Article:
Twelfth Cake -Period Sugar Work & Confectionary, Ivan Day, Historical Food Course.

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Twelfth Night, a celebration of the coming Epiphany; a Christian feast day that marked the revelation of God’s son in human form and the visiting of the Magi (the three kings), was at one time widely celebrated. Most popular during the medieval and Tudor period, the feasting was overseen by the ‘King’ and Lord of Misrule. 
 
Integral to the celebrations, a yeast leavened plum cake or Twelfth cake spiced with cinnamon, clove, mace and nutmeg, dotted with candied peel and citron. Baked within, a bean and a pea, so that the person who received such a slice would be designated the king and queen of the night’s feasting.
 
 
 
 
During Twelfth Night, usual order and rule would become reversed; the king and nobility would become peasants and peasants would act king. Until the stroke of midnight that is, when all reverted to the usual order of things.
 
 

In the Georgian period, those invited to Twelfth Night festivities were assigned king or queen and other guests given a character or role to play for the evening. Picked from a pack of cards, characters such as Toby Tipple; Mrs Prittle-Prattle and Sir Tun Belly Wash were popular. Again, until the stroke of midnight, when a large yeasted plum cake, heavily iced was cut, and the spell lifted.

 
The earliest printed recipe for an English Twelfth Cake dates to the beginning of the 19th Century and appears in a book by John Mollard, ‘The Art of Cooking’, published in London in 1803. It also describes the thick icing, usually coloured with cochineal, topped with gilded crowns and ornamented with white moulded sugar paste, as was fashionable for society of the day.
 
 
 
I have been fascinated by this sort of moulded sugar paste work, mainly seen in illustration plates in facsimiles of old cookbooks for some time now. I realise that sounds quite geeky, but I really don’t care, just take a look at some examples of these intricate whimsies and centrepieces and tell me you’re not a little bit intrigued. That and the making of marchpanes, gingerbread, wafers and comfits is what lead me to booking one of Ivan Day’s historical food courses.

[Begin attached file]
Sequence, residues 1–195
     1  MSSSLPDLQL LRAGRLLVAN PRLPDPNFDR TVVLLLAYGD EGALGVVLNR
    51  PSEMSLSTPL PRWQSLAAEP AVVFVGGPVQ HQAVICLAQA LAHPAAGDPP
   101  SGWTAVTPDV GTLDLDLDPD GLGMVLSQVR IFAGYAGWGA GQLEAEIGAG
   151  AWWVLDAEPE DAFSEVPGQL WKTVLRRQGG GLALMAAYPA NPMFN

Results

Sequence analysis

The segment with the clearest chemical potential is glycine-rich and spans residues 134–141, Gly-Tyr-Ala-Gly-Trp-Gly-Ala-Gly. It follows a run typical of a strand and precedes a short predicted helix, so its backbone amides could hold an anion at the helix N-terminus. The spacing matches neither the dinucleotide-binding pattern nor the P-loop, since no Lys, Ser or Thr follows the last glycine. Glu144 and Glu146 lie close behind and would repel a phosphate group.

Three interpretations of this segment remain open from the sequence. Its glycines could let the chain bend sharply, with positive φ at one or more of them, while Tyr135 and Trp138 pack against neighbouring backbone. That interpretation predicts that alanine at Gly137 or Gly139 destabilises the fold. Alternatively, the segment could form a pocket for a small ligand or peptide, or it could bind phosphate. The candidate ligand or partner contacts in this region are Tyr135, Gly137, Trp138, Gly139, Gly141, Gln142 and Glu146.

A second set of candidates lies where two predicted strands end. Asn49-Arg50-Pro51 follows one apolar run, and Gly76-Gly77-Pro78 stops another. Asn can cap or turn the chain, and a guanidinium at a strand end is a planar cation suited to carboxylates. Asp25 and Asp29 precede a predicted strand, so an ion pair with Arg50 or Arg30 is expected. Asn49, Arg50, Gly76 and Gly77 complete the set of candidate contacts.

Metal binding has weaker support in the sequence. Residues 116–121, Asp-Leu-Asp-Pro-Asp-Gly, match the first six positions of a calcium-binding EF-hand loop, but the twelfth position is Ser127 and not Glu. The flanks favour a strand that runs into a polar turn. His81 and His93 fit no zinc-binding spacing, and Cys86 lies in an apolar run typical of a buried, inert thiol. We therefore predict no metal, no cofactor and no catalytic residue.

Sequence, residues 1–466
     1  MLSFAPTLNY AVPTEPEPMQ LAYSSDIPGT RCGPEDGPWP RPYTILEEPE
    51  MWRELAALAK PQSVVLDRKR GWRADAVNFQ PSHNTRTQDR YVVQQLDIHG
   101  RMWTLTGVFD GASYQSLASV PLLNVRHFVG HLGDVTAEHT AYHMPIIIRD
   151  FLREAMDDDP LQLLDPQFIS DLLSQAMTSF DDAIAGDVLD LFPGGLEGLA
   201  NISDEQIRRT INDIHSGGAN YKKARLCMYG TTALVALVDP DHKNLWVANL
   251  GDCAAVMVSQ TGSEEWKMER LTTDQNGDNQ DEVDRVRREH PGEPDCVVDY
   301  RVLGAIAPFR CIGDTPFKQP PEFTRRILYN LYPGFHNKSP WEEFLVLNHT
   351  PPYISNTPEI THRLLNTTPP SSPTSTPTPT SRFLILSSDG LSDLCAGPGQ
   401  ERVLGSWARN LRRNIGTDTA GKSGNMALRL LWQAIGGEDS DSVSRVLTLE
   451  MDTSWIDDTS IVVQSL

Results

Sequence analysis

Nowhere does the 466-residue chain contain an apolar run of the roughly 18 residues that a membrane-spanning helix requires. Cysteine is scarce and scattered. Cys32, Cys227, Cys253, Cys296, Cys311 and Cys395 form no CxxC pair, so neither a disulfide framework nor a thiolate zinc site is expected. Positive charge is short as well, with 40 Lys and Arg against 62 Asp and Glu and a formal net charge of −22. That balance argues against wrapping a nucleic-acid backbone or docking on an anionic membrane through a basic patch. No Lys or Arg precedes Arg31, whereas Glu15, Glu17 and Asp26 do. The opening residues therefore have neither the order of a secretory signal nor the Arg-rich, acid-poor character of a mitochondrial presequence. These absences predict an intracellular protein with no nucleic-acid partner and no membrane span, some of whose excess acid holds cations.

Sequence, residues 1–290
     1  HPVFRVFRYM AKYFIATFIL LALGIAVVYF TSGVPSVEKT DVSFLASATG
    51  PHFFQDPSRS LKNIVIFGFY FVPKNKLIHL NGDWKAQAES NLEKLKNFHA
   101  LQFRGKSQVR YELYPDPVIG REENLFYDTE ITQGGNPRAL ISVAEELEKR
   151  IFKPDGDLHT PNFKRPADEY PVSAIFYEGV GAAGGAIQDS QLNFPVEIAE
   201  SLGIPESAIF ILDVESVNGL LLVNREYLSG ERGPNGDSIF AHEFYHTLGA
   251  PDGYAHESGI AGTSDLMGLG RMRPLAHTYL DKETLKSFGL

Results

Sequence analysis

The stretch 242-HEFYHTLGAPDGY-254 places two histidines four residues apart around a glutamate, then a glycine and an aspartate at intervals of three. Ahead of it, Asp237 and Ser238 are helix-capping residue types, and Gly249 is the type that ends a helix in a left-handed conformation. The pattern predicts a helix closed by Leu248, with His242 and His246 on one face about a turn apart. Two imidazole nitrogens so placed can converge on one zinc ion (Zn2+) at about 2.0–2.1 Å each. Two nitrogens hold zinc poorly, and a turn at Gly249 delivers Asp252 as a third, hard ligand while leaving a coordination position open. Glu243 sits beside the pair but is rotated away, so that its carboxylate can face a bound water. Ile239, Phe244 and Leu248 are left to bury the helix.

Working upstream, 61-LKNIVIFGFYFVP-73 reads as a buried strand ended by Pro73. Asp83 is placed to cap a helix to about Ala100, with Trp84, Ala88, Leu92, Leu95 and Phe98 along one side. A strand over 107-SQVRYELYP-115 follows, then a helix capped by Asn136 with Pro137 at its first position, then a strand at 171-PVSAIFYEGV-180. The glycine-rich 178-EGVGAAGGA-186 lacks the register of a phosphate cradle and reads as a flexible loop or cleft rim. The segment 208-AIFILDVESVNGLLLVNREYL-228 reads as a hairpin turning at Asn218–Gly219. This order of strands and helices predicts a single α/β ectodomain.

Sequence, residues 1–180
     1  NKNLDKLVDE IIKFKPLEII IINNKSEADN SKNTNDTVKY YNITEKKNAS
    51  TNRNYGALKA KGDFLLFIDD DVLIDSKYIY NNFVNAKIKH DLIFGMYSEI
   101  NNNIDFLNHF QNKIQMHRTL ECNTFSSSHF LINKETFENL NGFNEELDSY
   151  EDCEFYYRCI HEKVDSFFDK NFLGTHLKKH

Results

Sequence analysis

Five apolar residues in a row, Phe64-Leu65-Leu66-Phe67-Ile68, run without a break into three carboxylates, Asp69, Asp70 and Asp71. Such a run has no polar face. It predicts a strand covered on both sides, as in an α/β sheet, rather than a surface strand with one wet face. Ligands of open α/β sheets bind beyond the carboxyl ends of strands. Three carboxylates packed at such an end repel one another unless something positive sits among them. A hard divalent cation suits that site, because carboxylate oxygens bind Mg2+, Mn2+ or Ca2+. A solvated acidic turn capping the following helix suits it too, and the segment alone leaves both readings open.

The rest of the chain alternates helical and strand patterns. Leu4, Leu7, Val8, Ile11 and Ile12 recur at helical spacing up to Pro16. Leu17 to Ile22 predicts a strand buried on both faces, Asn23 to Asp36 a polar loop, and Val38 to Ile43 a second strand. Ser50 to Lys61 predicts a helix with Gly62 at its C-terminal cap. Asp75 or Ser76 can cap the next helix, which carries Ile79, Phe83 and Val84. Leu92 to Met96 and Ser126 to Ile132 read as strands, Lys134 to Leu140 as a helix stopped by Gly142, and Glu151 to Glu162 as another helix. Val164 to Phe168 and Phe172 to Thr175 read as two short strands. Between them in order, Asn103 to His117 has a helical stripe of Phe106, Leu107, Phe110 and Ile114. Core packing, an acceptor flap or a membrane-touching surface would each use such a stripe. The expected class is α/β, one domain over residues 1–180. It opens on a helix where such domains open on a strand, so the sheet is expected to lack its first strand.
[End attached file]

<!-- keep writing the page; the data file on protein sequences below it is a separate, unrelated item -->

Based in the Lake District, Ivan Day is a renowned expert in British and European culinary history and, one of my food heroes. Without realising it, you’ve probably come across some of his work: he has been advisor for many historical/period dramas and films; created food replicas for exhibitions and museums and with his business partner, renovated kitchens for many a National Trust property.

 
 
 
 
In Ivan’s old farmhouse kitchen, flanked either side by a Victorian and Jacobean stove, we started with a brief history of sugar. Cultivation of sugar cane began in New Guinea and, by way of what is now Indonesia, made its way to India where the techniques of extraction and crystallisation were discovered as early as 350AD. Exported in dhows or caravans, sugar and subsequently the techniques to crystalise it, spread across Southeast Asia and China and also to the Middle East.

It was from Byzantium that sugar made its way to Europe; Venice becoming the main trading place. The stranglehold that the Venetian merchants and traders had on its export to the rest of Europe and its wild expense, is thought to be part of the driving force for countries such as Britain, France and Portugal looking for cheaper ways of production and control. This, coupled with the discovery of the New World and Caribbean and cultivation of sugar cane within those climes, fuelled not only sugar production and its popularity but the slave trade alongside.

By the late 16th Century, sugar was being refined in London and Liverpool and only the very poor were not using it. It came in many forms, the cone being most common. Chipped with a hammer and clipped into nibs, it had to be boiled into liquid sugar that was turned out and allowed to set. Grey in colour, this was crushed and dissolved in water before being boiled with egg whites and passed through a jelly bag. The end result was then pounded or crushed into the consistency required for each recipe.